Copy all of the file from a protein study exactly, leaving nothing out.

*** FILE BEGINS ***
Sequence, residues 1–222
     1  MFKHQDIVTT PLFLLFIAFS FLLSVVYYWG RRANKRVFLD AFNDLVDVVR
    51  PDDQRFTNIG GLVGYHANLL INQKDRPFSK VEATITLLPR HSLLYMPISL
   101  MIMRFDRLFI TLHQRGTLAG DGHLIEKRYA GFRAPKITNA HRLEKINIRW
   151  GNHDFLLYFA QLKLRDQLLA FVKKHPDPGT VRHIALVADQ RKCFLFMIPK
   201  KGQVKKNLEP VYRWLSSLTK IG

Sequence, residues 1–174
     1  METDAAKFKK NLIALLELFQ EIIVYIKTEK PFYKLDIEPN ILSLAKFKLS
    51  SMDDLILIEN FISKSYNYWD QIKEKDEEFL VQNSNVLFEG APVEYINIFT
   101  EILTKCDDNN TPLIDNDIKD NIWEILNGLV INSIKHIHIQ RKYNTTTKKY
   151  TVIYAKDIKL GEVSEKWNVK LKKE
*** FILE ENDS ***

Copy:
Sequence, residues 1–222
     1  MFKHQDIVTT PLFLLFIAFS FLLSVVYYWG RRANKRVFLD AFNDLVDVVR
    51  PDDQRFTNIG GLVGYHANLL INQKDRPFSK VEATITLLPR HSLLYMPISL
   101  MIMRFDRLFI TLHQRGTLAG DGHLIEKRYA GFRAPKITNA HRLEKINIRW
   151  GNHDFLLYFA QLKLRDQLLA FVKKHPDPGT VRHIALVADQ RKCFLFMIPK
   201  KGQVKKNLEP VYRWLSSLTK IG

Sequence, residues 1–174
     1  METDAAKFKK NLIALLELFQ EIIVYIKTEK PFYKLDIEPN ILSLAKFKLS
    51  SMDDLILIEN FISKSYNYWD QIKEKDEEFL VQNSNVLFEG APVEYINIFT
   101  EILTKCDDNN TPLIDNDIKD NIWEILNGLV INSIKHIHIQ RKYNTTTKKY
   151  TVIYAKDIKL GEVSEKWNVK LKKE